The two key data sources for the analysis are the ERA5 reanalysis and the NOAA/NCEI climate division data, the same two sources that I often use to look at monthly and seasonal anomalies.  Both sources have their advantages and drawbacks.  In principle, it's more appealing to use "ground truth" data from climate observing sites (the NCEI or "ACD" data), but in practice the scarcity and quality of Alaska's climate observations are so problematic that the ERA5 (modeled) data is sometimes preferable.

In terms of climate trends, one of the more eye-catching discrepancies between the two data sources is the disagreement regarding temperature trends for Southeast Alaska.  Here's Figure 3 from the paper (click to enlarge):

Remarkably, ERA5 shows a 65-year temperature trend that's about 3 times the NCEI trend for the Panhandle climate divisions.  The paper notes this discrepancy in passing, commenting "topographic complexity presents challenges for regional trend estimates", but no further investigation is performed.  The authors seem to accept the ERA5 values as more realistic, as the article's abstract and conclusions cite the very large trends in the North Slope and North Panhandle regions.

I decided to look into this a bit more.  The figure below illustrates the discrepancy for the North Panhandle climate division in particular.

The two data sets show a drastic difference in trend, and it's fairly consistent over time, i.e. not obviously caused by a few "bad" years in one of the sources.

Here's a look at the annual data from two key sites in Southeast Alaska: Sitka and Juneau - see below.  The trends at these sites tend to support the NCEI (ACD) result, with much less warming than ERA5.  In particular, the relatively warm years of the late 1950s and early 1960s are on par with the modern climate, whereas the ERA5 data shows much cooler conditions in the earliest years of this analysis period.


A map of the ERA5 trend gives a hint as to what might be going on.

Notice that ERA5's 2m temperature trend over the Gulf of Alaska is small - less than 0.2°C/decade generally, and around 0.1°C/decade near the Alaska Panhandle.  But over the Panhandle itself, the trend is very high - locally in excess of 0.6-0.7°C/decade.

Given that the ERA5 resolution of 31km is far too coarse to resolve the complex topography of southeastern Alaska, the ERA5 temperature represents modeled averages over grid cells with a mean elevation well above sea level.  In contrast, the NCEI trends are derived from climate observing sites, most or all of which are very near sea level.  Therefore it's hardly fair to expect consistency between the two sources: ERA5 is most definitely not modeling conditions at sea level.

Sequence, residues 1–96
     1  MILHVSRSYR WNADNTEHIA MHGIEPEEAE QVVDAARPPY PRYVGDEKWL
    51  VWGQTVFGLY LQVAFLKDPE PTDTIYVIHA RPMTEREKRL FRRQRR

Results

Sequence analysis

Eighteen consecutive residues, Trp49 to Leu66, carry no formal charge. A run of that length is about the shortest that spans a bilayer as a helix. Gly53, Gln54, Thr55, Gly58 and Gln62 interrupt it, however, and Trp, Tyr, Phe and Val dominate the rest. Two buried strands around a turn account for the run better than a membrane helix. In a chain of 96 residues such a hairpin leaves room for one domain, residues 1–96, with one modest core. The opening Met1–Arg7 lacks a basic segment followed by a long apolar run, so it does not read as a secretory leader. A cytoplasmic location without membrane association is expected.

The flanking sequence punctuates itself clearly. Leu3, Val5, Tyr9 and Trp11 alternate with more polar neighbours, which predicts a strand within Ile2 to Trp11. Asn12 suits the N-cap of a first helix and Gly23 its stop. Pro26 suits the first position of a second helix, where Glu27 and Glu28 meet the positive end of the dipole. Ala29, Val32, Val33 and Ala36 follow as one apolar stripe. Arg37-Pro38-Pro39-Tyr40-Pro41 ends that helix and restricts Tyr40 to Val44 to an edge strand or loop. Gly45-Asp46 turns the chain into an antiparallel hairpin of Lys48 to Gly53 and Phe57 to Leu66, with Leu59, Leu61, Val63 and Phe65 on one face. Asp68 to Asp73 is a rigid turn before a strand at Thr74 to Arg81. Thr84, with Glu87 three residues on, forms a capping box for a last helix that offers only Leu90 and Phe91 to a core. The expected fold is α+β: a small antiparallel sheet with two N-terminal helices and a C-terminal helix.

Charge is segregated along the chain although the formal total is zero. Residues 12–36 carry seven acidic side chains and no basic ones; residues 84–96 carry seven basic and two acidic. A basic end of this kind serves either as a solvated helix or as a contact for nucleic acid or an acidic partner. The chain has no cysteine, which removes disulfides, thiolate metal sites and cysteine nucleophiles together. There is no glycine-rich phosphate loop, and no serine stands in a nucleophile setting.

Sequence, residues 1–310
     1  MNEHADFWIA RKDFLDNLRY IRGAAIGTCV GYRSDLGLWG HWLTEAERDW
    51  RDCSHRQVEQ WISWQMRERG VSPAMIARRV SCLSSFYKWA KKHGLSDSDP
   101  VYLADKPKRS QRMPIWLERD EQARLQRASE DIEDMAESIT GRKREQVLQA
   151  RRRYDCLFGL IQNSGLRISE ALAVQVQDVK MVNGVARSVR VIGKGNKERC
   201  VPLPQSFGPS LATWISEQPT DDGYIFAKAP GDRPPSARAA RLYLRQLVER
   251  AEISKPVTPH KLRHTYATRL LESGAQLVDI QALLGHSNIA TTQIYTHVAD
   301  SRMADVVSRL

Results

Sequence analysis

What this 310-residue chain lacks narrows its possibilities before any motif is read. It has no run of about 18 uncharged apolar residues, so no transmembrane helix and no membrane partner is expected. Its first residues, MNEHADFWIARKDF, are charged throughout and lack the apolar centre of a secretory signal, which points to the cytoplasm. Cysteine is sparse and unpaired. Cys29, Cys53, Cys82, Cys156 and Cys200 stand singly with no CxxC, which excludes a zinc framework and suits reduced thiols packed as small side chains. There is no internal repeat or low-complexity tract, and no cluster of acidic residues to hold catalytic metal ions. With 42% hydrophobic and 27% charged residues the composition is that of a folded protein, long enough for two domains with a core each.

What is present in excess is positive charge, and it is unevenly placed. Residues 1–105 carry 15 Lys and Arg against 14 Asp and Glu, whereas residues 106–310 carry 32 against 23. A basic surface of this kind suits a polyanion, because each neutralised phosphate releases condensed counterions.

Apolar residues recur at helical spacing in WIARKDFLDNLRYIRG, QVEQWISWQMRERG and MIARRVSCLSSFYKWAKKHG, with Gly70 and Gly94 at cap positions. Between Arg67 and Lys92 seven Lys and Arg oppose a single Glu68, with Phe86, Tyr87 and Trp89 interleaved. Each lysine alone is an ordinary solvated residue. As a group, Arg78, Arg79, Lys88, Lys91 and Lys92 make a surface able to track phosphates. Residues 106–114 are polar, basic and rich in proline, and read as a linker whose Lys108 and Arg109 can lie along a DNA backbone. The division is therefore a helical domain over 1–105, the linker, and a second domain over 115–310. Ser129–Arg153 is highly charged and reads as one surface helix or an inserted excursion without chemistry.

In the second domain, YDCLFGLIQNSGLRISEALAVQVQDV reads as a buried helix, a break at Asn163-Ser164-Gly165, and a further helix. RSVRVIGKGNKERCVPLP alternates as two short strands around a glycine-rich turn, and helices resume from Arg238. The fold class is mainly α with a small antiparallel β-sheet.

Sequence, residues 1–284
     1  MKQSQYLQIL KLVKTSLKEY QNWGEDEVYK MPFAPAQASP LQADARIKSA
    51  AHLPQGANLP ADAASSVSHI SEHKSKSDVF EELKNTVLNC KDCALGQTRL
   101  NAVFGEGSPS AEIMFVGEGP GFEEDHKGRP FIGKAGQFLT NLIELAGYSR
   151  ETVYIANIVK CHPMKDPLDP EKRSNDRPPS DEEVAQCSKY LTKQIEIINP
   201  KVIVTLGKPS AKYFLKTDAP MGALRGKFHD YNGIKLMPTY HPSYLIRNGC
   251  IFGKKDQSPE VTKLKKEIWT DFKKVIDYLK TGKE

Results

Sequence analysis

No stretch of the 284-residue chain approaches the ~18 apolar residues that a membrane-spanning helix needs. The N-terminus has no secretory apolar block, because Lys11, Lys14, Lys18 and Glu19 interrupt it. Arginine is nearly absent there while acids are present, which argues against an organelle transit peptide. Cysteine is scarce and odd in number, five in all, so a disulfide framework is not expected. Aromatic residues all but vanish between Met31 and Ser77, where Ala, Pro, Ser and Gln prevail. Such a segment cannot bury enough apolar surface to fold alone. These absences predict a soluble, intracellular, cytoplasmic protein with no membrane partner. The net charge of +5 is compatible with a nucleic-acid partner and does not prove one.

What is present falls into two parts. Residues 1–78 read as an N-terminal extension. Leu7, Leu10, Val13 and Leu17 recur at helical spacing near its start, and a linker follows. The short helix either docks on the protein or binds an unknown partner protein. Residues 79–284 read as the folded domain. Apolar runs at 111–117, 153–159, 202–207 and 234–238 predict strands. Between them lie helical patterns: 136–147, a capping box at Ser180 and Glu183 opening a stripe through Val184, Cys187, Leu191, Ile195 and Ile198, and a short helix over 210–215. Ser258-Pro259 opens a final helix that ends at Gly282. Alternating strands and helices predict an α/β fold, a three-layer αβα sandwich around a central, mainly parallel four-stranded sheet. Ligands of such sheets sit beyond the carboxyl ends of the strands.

Digging a little deeper still, I pulled out the temperature trends for every ERA5 grid cell that has more than half of its area within the Panhandle climate divisions.  The following chart illustrates the relationship between trend and grid cell elevation.

While the overall correlation is not particularly strong, the very lowest elevation grid cells have easily the smallest temperature trends, and all of the trends above +0.6°C/decade are found for grid cells at more than 400m elevation.  This supports the idea that sea level sites in the Panhandle have not in fact experienced the drastic warming that the ERA5 data suggests at first glance.

Out of curiosity, I also calculated the ERA5 temperature trends in the "free atmosphere" at 925mb and 850mb, i.e. about 2500 and 4500 feet above sea level, depending on the time of year.  (In locations where the land surface is above these pressure levels, the model fills in the data with an extrapolation as if the ground were not there, just for convenience/completeness.)

The temperature trends over Southeast Alaska are much smaller aloft, and there's also much less contrast between ocean and land, as we would expect.  Evidently, then, ERA5's very large surface temperature trends in the complex terrain of Southeast Alaska (and nearby western Canada) are not just a reflection of high temperature trends in the free atmosphere aloft.

Finally, to confirm that nothing surprising is going on with the trends aloft, I used sounding data from Yakutat to look at the temperature difference between the surface and 850mb.  There's a slight but insignificant upward trend: